When we examine the process of alignment and how it works, it seems straightforward. For example, board and management come together for learning and discussion about the future of the co-op and share an agreed-upon purpose. Of course, things don’t end there. But predicated upon board-management alignment is the awareness that what the board and management is doing is fulfilling the aspirations of the co-op’s ownership.
The question boards need to answer—what benefit and value can the co-op produce that will meet current and future owner needs—is the source of some anxiety when the answers don’t seem clear. After all, how does an organization achieve alignment with thousands of people?
As food co-ops have grown, so has the diversity of membership, and the mandate, if you will, is much more wide-ranging. Some of the co-op’s stakeholders want access to local and organic food, others want a deeper connection to community, some want to change the economy, and others just want a place to pick up a sandwich or gallon of milk. Balancing the desires and comprehending the needs of different constituencies in order to vision the co-op’s future can feel daunting to boards.
Over the years, governance process has focused on relationships wherein boards can learn more about what owners are concerned about. Through engaging with the members, boards can gain greater knowledge, fueling the confidence that their decision-making process is in alignment with what owners want. Some of these activities are “high touch,” wherein board members hold scheduled meetings or have events where they talk directly with members—a board coffee klatch or a wine tasting.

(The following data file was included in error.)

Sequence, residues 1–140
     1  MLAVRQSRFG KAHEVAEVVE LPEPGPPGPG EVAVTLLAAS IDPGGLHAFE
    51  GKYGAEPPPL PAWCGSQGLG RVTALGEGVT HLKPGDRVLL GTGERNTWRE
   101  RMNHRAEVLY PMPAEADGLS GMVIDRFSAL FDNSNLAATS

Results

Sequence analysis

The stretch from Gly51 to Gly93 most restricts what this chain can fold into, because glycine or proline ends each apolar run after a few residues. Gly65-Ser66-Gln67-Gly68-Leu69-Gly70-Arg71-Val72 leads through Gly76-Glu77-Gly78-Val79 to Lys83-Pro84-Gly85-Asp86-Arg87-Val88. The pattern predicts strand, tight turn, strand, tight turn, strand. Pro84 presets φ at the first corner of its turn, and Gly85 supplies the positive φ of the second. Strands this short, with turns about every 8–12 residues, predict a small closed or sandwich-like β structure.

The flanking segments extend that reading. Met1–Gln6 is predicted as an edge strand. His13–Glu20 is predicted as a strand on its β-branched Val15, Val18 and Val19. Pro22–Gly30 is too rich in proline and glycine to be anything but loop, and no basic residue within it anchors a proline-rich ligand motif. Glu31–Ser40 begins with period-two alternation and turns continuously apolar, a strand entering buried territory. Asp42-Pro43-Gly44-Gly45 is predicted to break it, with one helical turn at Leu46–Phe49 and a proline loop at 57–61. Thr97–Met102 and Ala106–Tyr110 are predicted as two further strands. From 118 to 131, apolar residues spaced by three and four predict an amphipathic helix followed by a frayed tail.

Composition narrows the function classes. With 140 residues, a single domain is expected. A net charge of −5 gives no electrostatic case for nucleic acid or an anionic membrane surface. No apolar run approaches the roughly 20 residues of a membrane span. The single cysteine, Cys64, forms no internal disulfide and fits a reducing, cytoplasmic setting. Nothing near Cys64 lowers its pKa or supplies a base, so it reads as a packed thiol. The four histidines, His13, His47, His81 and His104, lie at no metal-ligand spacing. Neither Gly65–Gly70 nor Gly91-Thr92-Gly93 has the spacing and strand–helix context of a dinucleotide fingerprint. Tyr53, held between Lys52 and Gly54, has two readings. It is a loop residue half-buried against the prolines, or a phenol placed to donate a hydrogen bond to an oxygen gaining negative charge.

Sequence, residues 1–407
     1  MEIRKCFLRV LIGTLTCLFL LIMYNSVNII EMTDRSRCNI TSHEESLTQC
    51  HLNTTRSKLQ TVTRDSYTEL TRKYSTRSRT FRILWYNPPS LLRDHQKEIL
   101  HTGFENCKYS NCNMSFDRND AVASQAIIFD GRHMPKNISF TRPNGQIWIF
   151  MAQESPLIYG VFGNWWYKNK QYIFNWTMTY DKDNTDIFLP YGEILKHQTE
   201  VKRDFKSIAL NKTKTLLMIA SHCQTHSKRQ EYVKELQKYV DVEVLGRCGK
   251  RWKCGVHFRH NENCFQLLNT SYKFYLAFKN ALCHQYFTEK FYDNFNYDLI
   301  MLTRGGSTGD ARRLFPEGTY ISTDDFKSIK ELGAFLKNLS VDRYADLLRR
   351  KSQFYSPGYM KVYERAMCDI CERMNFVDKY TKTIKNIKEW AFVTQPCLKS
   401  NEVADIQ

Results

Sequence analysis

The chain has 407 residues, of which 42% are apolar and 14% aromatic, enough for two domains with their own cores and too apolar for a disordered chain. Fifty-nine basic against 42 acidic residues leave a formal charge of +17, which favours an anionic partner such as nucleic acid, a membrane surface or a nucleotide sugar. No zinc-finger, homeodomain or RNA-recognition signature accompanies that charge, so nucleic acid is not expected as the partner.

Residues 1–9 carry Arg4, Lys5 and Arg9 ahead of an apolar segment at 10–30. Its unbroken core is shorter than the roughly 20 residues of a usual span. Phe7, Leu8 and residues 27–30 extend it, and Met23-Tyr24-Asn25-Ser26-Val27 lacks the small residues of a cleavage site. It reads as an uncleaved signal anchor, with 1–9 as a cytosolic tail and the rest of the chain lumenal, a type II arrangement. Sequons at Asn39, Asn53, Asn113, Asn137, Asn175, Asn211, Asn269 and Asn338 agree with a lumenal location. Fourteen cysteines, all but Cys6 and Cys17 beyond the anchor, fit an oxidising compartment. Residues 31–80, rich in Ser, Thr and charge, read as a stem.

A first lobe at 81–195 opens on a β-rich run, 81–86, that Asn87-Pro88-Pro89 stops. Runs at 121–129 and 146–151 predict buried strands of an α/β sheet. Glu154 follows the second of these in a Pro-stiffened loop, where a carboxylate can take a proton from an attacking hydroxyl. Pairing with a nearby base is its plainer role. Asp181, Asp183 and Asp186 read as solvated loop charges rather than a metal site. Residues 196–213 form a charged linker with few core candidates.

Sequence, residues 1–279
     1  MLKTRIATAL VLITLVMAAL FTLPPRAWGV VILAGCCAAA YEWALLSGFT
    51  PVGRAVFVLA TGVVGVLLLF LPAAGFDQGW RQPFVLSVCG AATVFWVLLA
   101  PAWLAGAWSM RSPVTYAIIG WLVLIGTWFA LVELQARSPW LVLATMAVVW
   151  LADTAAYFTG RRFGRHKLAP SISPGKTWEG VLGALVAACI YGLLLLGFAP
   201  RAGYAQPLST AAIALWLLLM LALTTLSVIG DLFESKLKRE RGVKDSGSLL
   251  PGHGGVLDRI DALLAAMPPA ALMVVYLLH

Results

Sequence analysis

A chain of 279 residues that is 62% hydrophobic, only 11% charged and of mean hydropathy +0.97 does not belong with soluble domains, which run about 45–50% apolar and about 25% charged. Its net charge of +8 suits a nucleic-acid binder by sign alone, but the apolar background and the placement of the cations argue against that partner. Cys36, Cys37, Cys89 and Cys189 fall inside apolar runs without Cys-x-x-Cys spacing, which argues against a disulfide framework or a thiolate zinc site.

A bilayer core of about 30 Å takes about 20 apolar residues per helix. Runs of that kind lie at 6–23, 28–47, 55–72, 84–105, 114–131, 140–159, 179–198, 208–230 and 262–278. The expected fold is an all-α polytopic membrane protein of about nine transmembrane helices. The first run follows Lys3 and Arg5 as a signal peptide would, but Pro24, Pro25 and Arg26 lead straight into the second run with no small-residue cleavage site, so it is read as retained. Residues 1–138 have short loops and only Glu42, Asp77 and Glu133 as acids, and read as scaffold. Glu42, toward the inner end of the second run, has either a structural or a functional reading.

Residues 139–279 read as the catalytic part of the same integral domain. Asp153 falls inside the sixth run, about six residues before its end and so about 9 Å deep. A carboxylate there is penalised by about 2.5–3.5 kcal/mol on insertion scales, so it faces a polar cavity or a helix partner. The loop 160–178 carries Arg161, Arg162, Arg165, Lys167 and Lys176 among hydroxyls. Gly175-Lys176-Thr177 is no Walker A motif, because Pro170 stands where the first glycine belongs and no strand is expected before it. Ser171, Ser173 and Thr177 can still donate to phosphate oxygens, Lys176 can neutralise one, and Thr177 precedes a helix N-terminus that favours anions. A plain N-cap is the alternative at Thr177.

These meetings can be deeply satisfying, but what if, after all that planning, only 10 or 50 people show up? What is the best use of the board’s energies regarding member relations? What is a sustainable and healthy approach to board-owner alignment? And what is the best way for a variety of owners to provide the feedback boards need? Especially as co-ops grow, the questions become much more pertinent.
The board should take opportunities for individual or small group interactions with owners. Learning from member feedback is invaluable, and finding ways to engage in two-way conversations in a successful and sustainable way is a critical part of board-owner alignment.
“What we have to realize is that it’s not just about the board and owners being aligned,” said Rose Marie Klee, board leadership development consultant, and board chair of Wheatsville Food Co-op in Austin, Texas. “All of us as individuals and groups have a role to play in overall alignment. The staff and management and board and owners all work together to establish effective ways to create alignment,” she said. “It’s a lot less stressful when you think about it that way.”